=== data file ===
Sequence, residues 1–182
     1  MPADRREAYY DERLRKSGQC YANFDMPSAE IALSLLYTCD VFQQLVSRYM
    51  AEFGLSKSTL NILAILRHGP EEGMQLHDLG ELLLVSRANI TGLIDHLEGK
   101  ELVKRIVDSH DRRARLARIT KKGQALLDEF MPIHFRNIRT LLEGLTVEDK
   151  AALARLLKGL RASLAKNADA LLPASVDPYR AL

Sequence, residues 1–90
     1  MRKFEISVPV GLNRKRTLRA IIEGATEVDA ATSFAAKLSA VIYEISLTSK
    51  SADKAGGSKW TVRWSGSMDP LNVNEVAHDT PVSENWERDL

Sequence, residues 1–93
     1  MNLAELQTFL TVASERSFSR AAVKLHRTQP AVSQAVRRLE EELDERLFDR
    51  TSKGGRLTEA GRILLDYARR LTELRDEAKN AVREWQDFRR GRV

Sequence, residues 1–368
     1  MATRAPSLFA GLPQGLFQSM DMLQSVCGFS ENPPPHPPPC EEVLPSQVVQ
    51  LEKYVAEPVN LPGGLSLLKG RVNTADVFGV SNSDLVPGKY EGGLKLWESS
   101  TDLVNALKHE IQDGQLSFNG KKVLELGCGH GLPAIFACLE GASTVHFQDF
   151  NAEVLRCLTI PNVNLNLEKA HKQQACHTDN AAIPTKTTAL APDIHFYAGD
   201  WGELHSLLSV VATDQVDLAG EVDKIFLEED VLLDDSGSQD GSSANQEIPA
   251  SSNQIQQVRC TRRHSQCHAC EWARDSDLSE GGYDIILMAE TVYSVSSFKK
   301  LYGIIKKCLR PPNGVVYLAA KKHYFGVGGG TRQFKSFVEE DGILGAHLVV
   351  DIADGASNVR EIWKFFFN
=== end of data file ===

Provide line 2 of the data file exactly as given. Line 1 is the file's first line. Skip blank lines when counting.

     1  MPADRREAYY DERLRKSGQC YANFDMPSAE IALSLLYTCD VFQQLVSRYM